All analyses presented thus far have determined whether a patient had a PCP by examining Medicare charge data for 2008. However, CRC screening took place over a longer period. For example, for patients aged 74 or 75 in 2008, we examined receipt of colonoscopy over 2000–2009, and sigmoidoscopy or barium enema from 2005–2009. To examine the impact of having a PCP over more extended time, we identified enrollees age 74 or 75 in 2009 who had an identifiable PCP in 2008 and who had seen that same PCP in at least 4 years in the period 2000–2007. The analyses produced results almost identical to those using the definition of PCP care using just the 2008 data.
This study demonstrates that having a PCP is associated with higher screening rates for CRC in older patients. Patients with a PCP were more than twice as likely to have received CRC screening. Furthermore, having a PCP was associated with reduction in relative and absolute racial/ethnic disparities in receipt of CRC screening. Finally, among older patients with a PCP, adjusting for clustering of patients within PCPs and for PCP characteristics almost entirely eliminated black–white disparities and greatly diminished Hispanic–white disparities.
It is important to remember that the screening rates reported in Tables 1 and and33 are likely to be considerably lower than actual screening rates. That is because an individual with a colonoscopy in the prior 10 years is considered up to date in screening, but data were limited to fewer than 10 years for most of the subjects. For example, for individuals who were 67 in 2009, there are only 2 years of prior Medicare data to examine for a charge for colonoscopy or sigmoidoscopy or DCBE. Individuals who obtained their test at age 64, before Medicare coverage, would be labeled as not screened. Thus, screening rates in this study are lower than those found in studies with more complete data (Richardson, Rim, and Plescia 2008; Shavers, Jackson, and Sheppard 2010). The exception was subjects aged 74 and 75 in 2009, for whom 10 years of data were available. Because of the incomplete data on CRC screening for most subjects, this study emphasizes the relative differences in screening rates, not the absolute rates themselves. In particular, the focus here is on ethnic differences in screening rates, which should not be biased by having fewer than 10 years of data. Also, the ethnic differences persisted when we limited the analyses to the subjects aged 74 and 75 in 2009.
Ethnic and racial disparities in receipt of CRC screening and other preventive services have been well described (AMA Council on Ethical, Judicial Affairs 1990; Byrd 1990; Zuvekas and Taliaferro 2003; Meissner et al. 2006; Fenton et al. 2008; Atlas et al. 2009; Doubeni et al. 2010a, b; Henley et al. 2010). Prior studies have shown that having a PCP is associated with higher rates of mammography screening (Atlas et al. 2009). The effect of having a PCP on CRC screening has also been observed previously (O'Malley et al. 2005; Klabunde, Schenck, and Davis 2006; Zarychanski et al. 2007). Lack of physician recommendation was an important factor affecting CRC screening rates in a Medicare population (Klabunde, Schenck, and Davis 2006). The finding of higher CRC screening in Medicare patients with an identified PCP is consistent with these reports. Because black and Hispanic patients are less likely to have a PCP than whites (Gaskin et al. 2007), this accounts for a substantial portion of the ethnic disparities in CRC screening.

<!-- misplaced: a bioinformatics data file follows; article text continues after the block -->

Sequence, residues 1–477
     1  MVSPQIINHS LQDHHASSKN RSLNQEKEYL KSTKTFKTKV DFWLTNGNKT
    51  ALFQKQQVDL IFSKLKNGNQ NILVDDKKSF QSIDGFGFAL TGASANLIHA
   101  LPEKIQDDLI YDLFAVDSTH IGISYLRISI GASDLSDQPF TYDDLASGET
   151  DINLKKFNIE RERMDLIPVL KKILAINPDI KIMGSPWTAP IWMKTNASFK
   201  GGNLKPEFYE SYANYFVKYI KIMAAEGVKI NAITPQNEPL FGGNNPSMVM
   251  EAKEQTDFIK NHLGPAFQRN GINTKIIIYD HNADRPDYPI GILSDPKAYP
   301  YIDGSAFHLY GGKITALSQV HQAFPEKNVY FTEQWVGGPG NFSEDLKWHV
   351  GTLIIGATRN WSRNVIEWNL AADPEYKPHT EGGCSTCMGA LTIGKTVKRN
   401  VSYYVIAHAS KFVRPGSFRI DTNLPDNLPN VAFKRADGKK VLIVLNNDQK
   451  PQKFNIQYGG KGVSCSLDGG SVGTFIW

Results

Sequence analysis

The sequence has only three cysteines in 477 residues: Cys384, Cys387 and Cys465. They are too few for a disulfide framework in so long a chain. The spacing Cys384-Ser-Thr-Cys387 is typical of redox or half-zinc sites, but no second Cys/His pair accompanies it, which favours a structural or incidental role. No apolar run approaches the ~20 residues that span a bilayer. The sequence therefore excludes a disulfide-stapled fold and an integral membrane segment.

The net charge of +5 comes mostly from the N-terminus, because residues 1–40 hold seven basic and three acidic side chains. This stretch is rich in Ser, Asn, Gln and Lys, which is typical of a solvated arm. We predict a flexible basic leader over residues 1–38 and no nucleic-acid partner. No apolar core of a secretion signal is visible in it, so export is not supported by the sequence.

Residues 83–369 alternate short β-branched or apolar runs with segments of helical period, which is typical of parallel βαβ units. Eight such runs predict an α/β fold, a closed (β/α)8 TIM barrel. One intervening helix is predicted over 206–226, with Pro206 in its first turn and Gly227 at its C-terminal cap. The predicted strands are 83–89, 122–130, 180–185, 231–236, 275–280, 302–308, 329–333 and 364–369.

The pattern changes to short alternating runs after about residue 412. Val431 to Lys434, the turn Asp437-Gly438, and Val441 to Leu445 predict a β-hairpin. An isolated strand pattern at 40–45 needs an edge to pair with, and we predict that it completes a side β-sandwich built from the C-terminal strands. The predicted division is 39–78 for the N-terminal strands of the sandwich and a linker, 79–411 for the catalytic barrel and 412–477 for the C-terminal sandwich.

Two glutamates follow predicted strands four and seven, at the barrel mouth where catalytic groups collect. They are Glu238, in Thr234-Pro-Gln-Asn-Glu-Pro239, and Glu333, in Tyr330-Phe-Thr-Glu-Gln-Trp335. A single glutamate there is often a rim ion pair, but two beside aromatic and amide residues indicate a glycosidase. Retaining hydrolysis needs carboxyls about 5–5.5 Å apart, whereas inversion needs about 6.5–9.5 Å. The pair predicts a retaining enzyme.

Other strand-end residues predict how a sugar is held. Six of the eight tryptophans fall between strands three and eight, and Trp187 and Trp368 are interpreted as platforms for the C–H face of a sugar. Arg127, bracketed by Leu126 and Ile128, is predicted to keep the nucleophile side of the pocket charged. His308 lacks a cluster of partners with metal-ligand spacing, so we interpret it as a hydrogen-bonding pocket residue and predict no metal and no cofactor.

What the current study adds to these prior reports is a focus on characteristics of the PCP and the demonstration that racial disparities in CRC screening result in part from clustering of patients within PCPs. PCP characteristics influencing CRC screening rates were U.S. training, Internal Medicine or Geriatrics specialty, and the ethnic composition of the PCP panel. PCPs older than age 65 were associated with lower screening rates. The effect of PCP characteristics on CRC screening was investigated earlier by Pham et al. (2005). The authors analyzed the 2001 Medicare database to show that CRC screening rates were better for PCPs who were board certified and those practicing general internal medicine as compared with family medicine (Pham et al. 2005). There was no effect of physician's age, gender, and time in practice. Certain differences between the two studies could explain the difference in results. First, the sample size in this study was larger than that of the earlier study for both Medicare enrollees (264,066 vs. 24,581) and PCPs (8,637 vs. 3,661), and it was limited to Texas. Second, this study used the AMA physician Masterfile to determine the PCP characteristics, whereas Pham et al. used a telephone survey to obtain this information. The earlier study did not analyze the effect of PCPs and their characteristics on racial disparities in CRC screening, a recent focus of research (Bao, Fox, and Escarce 2007; Gaskin et al. 2007; Rodriguez et al. 2008).